Umar Ahmed plays a key role at the heart of a programme that is changing the face of tennis in Great Britain – the Tennis Foundation’s SERVES programme.
Umar is the National Projects Officer at Sporting Equals, one of a number of SERVES national partners who help the Tennis Foundation ensure the programme reaches all corners. Each of the national partners bring something different but they all contribute to the success.
For their part, Sporting Equals are an organisation that works to get ethnic minorities involved with sport, and thanks to the work of Umar and his colleagues with SERVES they are helping to make a real difference in tennis.
Taking tennis into the heart of the community and reaching new people is one of Tennis Foundation’s key aims and, through SERVES, this ambition is being fulfilled.
SERVES recruits people from the community to become ‘tennis activators’, training them to be able to run a fun SERVES session for their community themselves and providing pop-up courts and equipment to enable them to do so.
The goal is to see the sport played in diverse locations such as mosques, church halls and youth centres — giving young people the chance to pick up a racket and get involved. There are now 130 SERVES sites across the country, with 28 of these delivered through Sporting Equals.
“Changing the perceptions of tennis”
“Research which we have undertaken shows that there is an under-representation of ethnic minorities that don’t partake in any sport and physical activity, and that obviously has health implications,” explained Umar.
“Some of them just don’t take part, but for others there are certain barriers and reasons they don’t get involved in sport, and this restricts them.
“We work with regional sporting organisations and bodies to look for solutions on how to engage them effectively.” By doubling up, the Tennis Foundation and Sporting Equals both work together in order to make sure SERVES is successful nationwide.
Umar spoke of his enjoyment at working collaboratively in this way and the benefits that brings with it.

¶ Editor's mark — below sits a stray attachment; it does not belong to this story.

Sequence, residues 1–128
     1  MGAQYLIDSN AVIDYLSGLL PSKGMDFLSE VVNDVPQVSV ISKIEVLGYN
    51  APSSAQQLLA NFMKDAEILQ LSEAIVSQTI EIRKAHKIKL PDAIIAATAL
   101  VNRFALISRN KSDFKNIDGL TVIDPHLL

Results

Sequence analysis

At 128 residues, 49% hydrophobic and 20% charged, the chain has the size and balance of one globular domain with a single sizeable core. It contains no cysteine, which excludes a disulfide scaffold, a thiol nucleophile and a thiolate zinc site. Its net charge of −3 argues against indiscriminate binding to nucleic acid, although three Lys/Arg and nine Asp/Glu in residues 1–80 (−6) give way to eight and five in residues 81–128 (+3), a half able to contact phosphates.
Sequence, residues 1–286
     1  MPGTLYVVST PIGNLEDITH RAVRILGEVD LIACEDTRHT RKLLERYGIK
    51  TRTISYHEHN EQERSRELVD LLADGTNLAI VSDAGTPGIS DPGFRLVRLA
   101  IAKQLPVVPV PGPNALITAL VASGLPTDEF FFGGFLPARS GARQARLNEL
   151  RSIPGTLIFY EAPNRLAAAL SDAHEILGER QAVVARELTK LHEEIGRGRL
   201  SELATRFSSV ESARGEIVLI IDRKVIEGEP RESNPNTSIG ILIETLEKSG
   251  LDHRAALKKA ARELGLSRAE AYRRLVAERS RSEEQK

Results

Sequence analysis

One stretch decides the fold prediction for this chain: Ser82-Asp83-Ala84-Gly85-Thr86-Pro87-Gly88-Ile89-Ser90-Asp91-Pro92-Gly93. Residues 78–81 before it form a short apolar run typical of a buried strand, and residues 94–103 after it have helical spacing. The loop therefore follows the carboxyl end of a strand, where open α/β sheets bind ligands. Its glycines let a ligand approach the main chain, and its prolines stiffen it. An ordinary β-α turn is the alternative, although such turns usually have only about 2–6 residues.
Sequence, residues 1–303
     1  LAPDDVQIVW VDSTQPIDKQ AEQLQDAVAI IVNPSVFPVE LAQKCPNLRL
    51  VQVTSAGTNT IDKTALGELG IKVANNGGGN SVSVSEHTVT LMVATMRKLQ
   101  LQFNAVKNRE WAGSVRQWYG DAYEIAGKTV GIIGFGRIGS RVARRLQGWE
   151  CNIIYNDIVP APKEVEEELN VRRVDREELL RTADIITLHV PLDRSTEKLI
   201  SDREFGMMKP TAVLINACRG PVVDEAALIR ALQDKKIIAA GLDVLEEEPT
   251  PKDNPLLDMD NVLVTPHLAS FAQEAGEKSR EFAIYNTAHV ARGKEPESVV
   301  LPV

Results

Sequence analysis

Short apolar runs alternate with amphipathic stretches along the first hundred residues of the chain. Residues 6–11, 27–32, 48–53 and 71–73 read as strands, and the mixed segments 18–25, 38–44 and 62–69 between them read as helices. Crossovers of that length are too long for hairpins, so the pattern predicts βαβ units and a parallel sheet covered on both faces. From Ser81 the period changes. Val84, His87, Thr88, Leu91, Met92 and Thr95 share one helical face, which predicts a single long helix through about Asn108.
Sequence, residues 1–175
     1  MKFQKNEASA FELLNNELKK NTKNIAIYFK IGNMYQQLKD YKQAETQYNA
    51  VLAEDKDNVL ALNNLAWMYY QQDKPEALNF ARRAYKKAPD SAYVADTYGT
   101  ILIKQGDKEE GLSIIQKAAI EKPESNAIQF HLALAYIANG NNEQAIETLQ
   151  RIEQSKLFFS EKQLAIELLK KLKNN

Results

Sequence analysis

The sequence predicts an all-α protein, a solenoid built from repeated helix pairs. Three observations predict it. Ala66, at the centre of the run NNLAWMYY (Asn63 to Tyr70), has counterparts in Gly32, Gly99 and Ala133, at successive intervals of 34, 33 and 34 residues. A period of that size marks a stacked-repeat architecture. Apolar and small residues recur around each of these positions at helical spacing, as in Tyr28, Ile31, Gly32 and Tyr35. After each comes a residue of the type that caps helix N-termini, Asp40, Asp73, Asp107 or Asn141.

He declared: “The Tennis Foundation provide equipment, training and funding support to enable us to deliver the programme on their behalf.
“My job is to work with regional organisations and try and persuade them to get involved with the programme, and we’ve had good success with that.
“The key thing for us is that the Tennis Foundation’s programme is changing the perceptions of it and is taking tennis to places it’s never been before.”
“The SERVES programme is fantastic. I’ve never seen anything like it”
Adaptability, and the ability to deliver SERVES in a wide range of places, is a key part of the programme.
This flexibility also brings with it safety for the participants who, rather than having to find a setting, have the sessions brought to them in an environment they are comfortable with.
Umar continued: “If you come to any of our sites there’ll be a mosque or an Indian temple, which is quite a nice, cultural building on the outside and you look at it and think it looks just like a place of worship.
“You go inside, and then you’ll discover there will be a room there which has got a tennis court in it, that the Tennis Foundation will have provided. That’s what we really like with the project because it’s taking it to places that it’s never been and gets our participants active too.
“That’s one of the main things about the safe centre model. A lot of youngsters within certain communities have that extra religious education.
“When I was younger, I’d go to the mosques in the morning, then go to school, come home for a bit and then go to mosque, so I’d miss out on any sort of after-school activity or sport.
“Also, most after-school activities seem to take place at 5-7pm anyway, so that’s why this scheme does that.
The SERVES programme is fantastic. I’ve never seen anything like it, and I honestly believe its life-changing.”
Three of the Serves sites delivered through Sporting Equals have been shortlisted for an award at this weekend’s British Ethnic Diversity Sports Awards. The nominations are in recognition of the work they have done to engage ethnic minorities in tennis. To read more about the nominees click here.
To find out more about SERVES, click here.